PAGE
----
Monday, February 24, 2020

Number of U.S. dairy farms continues its steady drop

Licensed U.S. Dairy Farms Dropped 8.8% Last Year.  (Dairy Herd Management, 2/21/2020)
Wisconsin experienced a 10.3% decrease -- 54% since 2003.  Nevertheless, the USDA annual average number of farms is instructive. For example, several states declined more than 10% in dairy farm number in 2019: West Virginia, down 23%; Arkansas, Tennessee and South Carolina, down 20%; North Dakota, 19%; North Carolina, down 17%; Michigan, down 12.5%; Georgia, down 12.5%, Ohio, down 12%; Kentucky, Utah and Virginia, down 11%.

Original 5/29/2019 post, "Wisconsin dairy industry:  More milk, fewer farms", starts here.

CAFOs win, we lose.

Source:  Wisconsin Cheese

‘It ain’t fun anymore’: Auctioneers are busy selling off dying Wisconsin dairy farms.  (Milwaukee Journal Sentinel, 5/28/2019)
A worldwide glut of milk continues to drive down the price farmers receive, to the point that many barely break even or lose money. In 2018, for the third straight year, Wisconsin led the nation in farm bankruptcies — most of them family dairy operations, which have been a staple of Wisconsin life for generations.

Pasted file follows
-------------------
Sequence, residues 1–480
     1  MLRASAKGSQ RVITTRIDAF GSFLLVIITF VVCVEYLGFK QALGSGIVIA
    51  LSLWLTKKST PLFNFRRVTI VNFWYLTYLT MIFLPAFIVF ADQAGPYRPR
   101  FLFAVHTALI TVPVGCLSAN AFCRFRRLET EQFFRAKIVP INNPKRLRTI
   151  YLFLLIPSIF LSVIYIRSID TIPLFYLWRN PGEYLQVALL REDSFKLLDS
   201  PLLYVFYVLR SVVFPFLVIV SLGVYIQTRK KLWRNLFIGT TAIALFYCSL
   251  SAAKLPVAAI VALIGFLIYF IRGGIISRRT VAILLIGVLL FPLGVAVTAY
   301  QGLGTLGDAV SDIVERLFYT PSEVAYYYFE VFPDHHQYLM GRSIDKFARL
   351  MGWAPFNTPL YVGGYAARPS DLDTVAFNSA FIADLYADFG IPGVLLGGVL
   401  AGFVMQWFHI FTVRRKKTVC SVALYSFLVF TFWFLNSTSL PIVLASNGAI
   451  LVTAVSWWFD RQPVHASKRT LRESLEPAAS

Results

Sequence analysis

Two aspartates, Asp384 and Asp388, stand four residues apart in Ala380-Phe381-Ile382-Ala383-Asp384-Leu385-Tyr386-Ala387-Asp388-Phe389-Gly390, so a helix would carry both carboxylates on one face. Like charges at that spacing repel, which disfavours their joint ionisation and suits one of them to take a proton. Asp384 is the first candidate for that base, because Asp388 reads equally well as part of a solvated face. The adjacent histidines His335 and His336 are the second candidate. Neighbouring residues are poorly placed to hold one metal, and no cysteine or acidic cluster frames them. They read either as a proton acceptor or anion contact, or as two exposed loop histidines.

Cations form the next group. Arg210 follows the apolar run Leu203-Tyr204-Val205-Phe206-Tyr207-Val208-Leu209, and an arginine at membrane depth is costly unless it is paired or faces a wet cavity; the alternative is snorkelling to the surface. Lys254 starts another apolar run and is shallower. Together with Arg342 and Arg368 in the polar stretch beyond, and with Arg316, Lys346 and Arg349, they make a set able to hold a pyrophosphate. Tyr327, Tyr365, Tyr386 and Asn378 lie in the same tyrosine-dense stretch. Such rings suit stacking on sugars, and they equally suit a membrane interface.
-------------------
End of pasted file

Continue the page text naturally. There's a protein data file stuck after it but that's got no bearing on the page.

The dairy industry has weathered hard times before, Cory said, farmers unable to make the math work amid low milk prices. 
"We've seen this in the past, numerous times," he said. "But in the past, there were always signs that pointed to better times. But today, there are no signs pointing to anything better. We're losing farmers at a high clip."

Related posts:
GET ME REWRITE: Big dairy operations urge GOP to remember where their money comes from.  (5/28/2019)
The destructive legacy of Governor Scott "We're # 1" Walker: the 30 billion pound milkman.  (4/27/2019)
Wisconsin led the nation in dairy farm bankruptcies in 2018.  (2/24/2019)
UPDATE. Running for a third term, Scott Walker hangs dairy farmers out to dry when it comes to immigration.  (6/28/2018)

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